For many of us, starting a successful business is the ultimate career goal. No more having to work in order to make someone else rich and no more having to struggle through the never-ending 9-5 rat-race. Best of all, starting a business means you can be your own boss now. You can determine your own schedule, make up your own rules, and give yourself the chance to make more money than you ever thought possible.
While the benefits of becoming an entrepreneur are certainly there, don’t be blindsided by the reality of what it means to really start your own business. It will not be easy. Here are 6 things I ended up learning as an entrepreneur that I wish someone had told me before I launched my business:
1. Having an idea isn’t enough
Beginner entrepreneurs like to think that if they have an amazing idea, the rest will follow soon enough. Not true. In fact, oftentimes the more original the idea, the harder it is to actually implement because there’s no blueprint to follow from past business’ successes and failures. New ideas are also often more risky, meaning it can be harder to raise startup funds or get others to buy into your business concept.
While having an idea of what you want your business to be about is obviously an important first step, it’s the execution of that idea that will ultimately determine if your business fails or succeeds.
2. It’s not going to be a steady climb
Most of us envision our entrepreneurial journey as this slow and steady climb from the very bottom to the very top. You imagine yourself starting out with nothing, then slowly building yourself a business empire. Sadly, that’s not how business works. You can get 100 customers one month, 200 customers the month after that, 300 customers in the third month, then suddenly drop back down to 50 customers in the fourth if things don’t go according to plan.
This is true in the SEO world too. Don’t think just because you started on page 20 of the Google search results and now you’ve made it to page two, that this means page one is inevitably within your grasps. You can just as easily fall back down to page three or four as opposed to moving up to page one if you don’t continue building links and optimizing your site. Once you begin your business journey, you’ll find that success is sporadic and erratic, not linear.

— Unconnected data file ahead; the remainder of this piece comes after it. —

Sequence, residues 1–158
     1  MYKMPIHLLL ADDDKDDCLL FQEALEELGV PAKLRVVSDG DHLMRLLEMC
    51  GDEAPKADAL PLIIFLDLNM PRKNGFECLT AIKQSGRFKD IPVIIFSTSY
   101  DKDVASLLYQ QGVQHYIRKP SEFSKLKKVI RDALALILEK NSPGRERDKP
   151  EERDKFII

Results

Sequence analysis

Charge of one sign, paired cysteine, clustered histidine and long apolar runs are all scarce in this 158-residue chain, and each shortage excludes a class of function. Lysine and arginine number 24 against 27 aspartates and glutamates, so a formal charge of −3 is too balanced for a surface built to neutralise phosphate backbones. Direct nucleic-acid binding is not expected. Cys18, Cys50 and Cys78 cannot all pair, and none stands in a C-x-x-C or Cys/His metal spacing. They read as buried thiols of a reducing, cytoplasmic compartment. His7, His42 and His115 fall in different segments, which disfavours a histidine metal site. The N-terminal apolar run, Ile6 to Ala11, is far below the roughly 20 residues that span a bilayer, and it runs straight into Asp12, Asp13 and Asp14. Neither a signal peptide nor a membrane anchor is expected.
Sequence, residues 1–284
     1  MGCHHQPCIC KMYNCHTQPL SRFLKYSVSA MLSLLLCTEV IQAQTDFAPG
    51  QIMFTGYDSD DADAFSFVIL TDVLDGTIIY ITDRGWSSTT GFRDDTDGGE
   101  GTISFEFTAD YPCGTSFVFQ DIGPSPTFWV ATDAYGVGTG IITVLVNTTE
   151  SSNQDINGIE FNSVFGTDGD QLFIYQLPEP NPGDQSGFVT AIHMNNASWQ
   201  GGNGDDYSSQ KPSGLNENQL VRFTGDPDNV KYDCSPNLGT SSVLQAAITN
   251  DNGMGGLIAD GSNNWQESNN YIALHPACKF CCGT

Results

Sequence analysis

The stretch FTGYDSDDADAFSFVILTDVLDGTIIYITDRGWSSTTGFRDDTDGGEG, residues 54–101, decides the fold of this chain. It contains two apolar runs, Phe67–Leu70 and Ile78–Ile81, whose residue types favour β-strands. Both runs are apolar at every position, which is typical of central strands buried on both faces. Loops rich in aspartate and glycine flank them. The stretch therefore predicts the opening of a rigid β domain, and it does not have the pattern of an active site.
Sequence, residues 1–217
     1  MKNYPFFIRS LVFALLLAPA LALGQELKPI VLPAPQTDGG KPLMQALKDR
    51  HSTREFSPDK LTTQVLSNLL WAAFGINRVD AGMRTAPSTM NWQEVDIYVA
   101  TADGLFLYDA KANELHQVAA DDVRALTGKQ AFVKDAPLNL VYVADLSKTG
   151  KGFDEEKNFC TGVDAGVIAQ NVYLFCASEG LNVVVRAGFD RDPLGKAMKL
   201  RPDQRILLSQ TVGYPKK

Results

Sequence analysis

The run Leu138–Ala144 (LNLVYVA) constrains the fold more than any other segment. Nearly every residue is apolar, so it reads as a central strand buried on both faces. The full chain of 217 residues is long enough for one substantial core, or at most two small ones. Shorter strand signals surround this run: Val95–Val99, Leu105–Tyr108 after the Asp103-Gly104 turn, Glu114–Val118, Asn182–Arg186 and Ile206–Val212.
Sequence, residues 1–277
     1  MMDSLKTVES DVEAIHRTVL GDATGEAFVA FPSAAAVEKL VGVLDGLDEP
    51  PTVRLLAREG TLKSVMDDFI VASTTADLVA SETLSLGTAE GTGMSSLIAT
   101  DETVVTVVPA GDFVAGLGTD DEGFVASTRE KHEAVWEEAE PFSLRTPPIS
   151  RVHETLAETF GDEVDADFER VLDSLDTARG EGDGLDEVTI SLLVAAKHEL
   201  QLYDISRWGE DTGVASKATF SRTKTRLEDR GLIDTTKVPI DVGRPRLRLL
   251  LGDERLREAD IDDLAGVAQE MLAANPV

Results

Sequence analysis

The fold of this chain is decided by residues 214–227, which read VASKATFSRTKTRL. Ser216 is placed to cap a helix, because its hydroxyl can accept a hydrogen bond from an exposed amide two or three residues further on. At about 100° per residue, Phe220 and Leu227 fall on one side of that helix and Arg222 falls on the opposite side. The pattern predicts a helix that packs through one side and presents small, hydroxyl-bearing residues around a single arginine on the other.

3. Your biggest obstacle is yourself
Setbacks are inevitable, and when they occur, they’re going to make you feel like giving up and returning to the 9-5 life you used to have – even if it is just as miserable as you remember it to be. There will be other days when you realize that being your own boss comes with its own set of challenges. You might lack the discipline to focus on your work. You might be unsure with how to proceed with the direction of the company. You might start to doubt yourself and lose your nerve when it comes to making the big-time decisions. As glamorous as success is, the fear of failing is just as real.
4. You’ll have to work more than you think
People often want to become business owners in order to have more time in the day for them to do other things besides work. They might have read Tim Ferriss’ book, “The 4-Hour Workweek”, where he brags about escaping the 9-5 life and having loads of time to travel and enjoy life. While this is certainly true if you end up building yourself a stable money-making machine the way Tim has, getting there usually takes many, many years. Be prepared to work harder on your business than you ever had while working a 9-5 job – at least until you’ve “made it.”
5. Starting a business doesn’t work as a side hustle
Not everyone wants to run the risk of quitting their jobs to follow their dreams. Instead, they might opt to start a business sort of as a side hustle or hobby. While this may indeed be the less risky option and perhaps even the smarter one, having the mindset of “I’m going to just do this as a side project and if it works out, then great, and if not, I always have my old job to fall back to” is not exactly what you’d call a winning mentality. Many entrepreneurs burn all their bridges by quitting their jobs to go full-time and still struggle to find enough time to make things work.
While some of this might sound like I’m trying to scare you away from pursuing your dreams as an entrepreneur, I’m not. In fact, I wish I learned about these things sooner so I could have incorporated them into my planning when I first started out as an entrepreneur.